The Hour is Closer Than We Think
July 1, 2024

The Hour is Closer Than We Think

Ephesians 5:15-18

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Every year it’s the same. Magazines and tabloids publish their year in review with pictures and stories recalling the people and events that made news over the past year.

They bring in the exerts who predict what will happen during the year. Some take it further, predicting what will happen in the future. These are usually based on the past, while others are baseless. And throughout the years they’ve been wrong. Some come close, but close only counts in horseshoes. Others have been so wrong that they read more like science fiction.

Back in 1967 experts predicted that by the turn of the century technology would have taken over so much of the workload that the average American work week would only be 22 hours long, and that we would work only 27 weeks a year. Therefore, the biggest problem that would face a person is what to do with all that leisure time.

Talk about missing the mark. The truth is that most of us are busier than ever just trying to stay afloat, and it seems that we’re always in a hurry. We walk fast, talk fast, and eat even faster.

And the people ask, “How will we deal with what tomorrow may hold. Will we make better use of our time? Will this year be a year of joy or regret? A year of great expectation or unimaginable dread?

To make the most out of the coming year, the Apostle Paul gives us some really good advice.

“Be very careful, then, how you live—not as unwise but as wise, making the most of every opportunity, because the days are evil. Therefore do not be foolish, but understand what the Lord’s will is. Do not get drunk on wine, which leads to debauchery. Instead, be filled with the Spirit.” (Ephesians 5:15-18 NIV)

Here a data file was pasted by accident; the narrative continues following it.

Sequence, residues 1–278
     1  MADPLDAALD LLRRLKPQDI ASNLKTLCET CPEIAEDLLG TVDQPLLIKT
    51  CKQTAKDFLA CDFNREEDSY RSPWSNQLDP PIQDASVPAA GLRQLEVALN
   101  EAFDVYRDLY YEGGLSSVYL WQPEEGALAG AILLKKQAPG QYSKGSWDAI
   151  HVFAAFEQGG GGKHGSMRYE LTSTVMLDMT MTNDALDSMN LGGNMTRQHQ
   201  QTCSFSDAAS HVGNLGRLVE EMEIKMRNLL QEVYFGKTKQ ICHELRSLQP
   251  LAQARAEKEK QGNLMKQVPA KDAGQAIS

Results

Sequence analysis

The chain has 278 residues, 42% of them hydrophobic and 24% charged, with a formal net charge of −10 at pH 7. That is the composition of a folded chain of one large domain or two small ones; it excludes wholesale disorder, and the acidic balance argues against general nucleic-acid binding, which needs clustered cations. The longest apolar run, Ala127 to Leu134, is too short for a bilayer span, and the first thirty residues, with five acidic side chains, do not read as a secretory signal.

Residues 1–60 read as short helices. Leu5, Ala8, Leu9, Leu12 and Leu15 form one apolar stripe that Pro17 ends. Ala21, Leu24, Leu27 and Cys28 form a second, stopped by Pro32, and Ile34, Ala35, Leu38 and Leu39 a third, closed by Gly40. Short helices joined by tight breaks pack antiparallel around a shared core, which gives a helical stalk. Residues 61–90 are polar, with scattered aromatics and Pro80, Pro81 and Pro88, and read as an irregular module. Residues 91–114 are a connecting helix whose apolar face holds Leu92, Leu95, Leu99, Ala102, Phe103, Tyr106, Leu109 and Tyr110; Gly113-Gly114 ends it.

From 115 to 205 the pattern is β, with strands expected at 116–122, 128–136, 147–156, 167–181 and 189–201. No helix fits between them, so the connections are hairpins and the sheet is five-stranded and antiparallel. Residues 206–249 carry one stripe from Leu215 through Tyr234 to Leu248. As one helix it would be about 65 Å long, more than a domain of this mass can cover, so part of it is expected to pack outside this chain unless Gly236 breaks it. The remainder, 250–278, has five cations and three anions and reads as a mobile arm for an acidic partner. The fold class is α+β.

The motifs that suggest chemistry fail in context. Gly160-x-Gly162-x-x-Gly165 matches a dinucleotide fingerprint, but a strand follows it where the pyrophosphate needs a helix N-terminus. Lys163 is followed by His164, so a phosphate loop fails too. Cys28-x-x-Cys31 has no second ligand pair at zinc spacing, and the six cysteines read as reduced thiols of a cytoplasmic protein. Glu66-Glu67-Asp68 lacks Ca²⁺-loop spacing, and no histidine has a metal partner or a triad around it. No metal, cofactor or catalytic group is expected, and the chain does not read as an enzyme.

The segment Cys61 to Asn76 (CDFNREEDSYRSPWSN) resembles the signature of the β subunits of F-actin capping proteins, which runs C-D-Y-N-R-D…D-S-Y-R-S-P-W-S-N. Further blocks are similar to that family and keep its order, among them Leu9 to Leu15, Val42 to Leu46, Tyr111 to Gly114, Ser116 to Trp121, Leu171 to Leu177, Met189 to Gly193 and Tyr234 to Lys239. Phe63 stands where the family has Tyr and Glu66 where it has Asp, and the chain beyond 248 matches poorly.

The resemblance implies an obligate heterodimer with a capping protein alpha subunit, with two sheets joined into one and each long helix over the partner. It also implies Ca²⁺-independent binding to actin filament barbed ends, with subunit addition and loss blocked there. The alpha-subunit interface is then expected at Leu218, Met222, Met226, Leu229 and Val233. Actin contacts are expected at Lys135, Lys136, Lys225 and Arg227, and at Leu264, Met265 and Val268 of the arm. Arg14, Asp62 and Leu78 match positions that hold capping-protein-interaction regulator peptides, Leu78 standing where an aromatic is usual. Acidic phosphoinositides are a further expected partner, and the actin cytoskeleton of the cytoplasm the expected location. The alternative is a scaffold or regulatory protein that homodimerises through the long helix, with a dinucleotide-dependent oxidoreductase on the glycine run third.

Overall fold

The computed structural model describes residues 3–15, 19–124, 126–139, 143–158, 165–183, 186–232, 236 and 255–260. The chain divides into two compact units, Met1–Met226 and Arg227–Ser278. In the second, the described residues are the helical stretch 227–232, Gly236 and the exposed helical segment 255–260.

Paul begins by telling us to not only to be careful, but to be “very” careful. Which is good advice when it comes to the future. We don’t know what to expect, because while we have 20/20 hindsight, we’ve got little foresight. You see, what has happened is that we have been in the reaction mode in what has been going on, rather than being proactive.

We’ve been reacting to what is going on around us. Instead, we need to start doing what is right regardless of what we perceive the consequences might be. I guess what I’m trying to say is that instead of letting God’s word lead us in these times, we let our opinions and the opinions of others sway our decision-making process.

This is why this piece of advice from Paul is so invaluable at this time.

  1. Understand Our Time is Limited

“Be very careful, then, how you live—not as unwise but as wise.” (Ephesians 5:15 NIV)

We need to understand that we’ve been allotted, or given by God a limited amount of time, which is at the heart of what the Psalmist is asking God.

“Show me, Lord, my life’s end and the number of my days; let me know how fleeting my life is.” (Psalm 39:4 NIV)

Thinking about how limited our time is, I remembered the Bulletin of Atomic Scientists from the University of Chicago has what is known as, “The Doomsday Clock.” It is a symbolic showing how close we are to global disaster. The last two times I looked at it was in 2012 when it said we were five minutes to midnight. But then, that number was cut in half by 2017, where it said it was now 2 ½ minutes. In other words, it was getting worse. Well, over the last two years the clock has been stuck at 90 seconds. This is the closest it has ever been.

Years ago, I found another program that is a bit more macabre and morbid. It’s the internet’s “Death Clock.” Once you enter in some statistics it tells you when you will die, in days, hours, minutes, and seconds. But what is really intimidating is that it ticks off the seconds right in front of you.

And so, Jesus gives us this piece of advice saying, “Do not worry about tomorrow, for tomorrow will worry about its own things. Sufficient for the day is its own trouble.” (Matthew 6:34 NKJV)

What Jesus is telling us is that instead of worrying about what’s going to happen tomorrow, we need to instead be focused on today, because none of us knows what tomorrow will bring. Therefore, let’s not waste the time we have worrying about what we have no control over, but instead, let’s be wise with the time we have.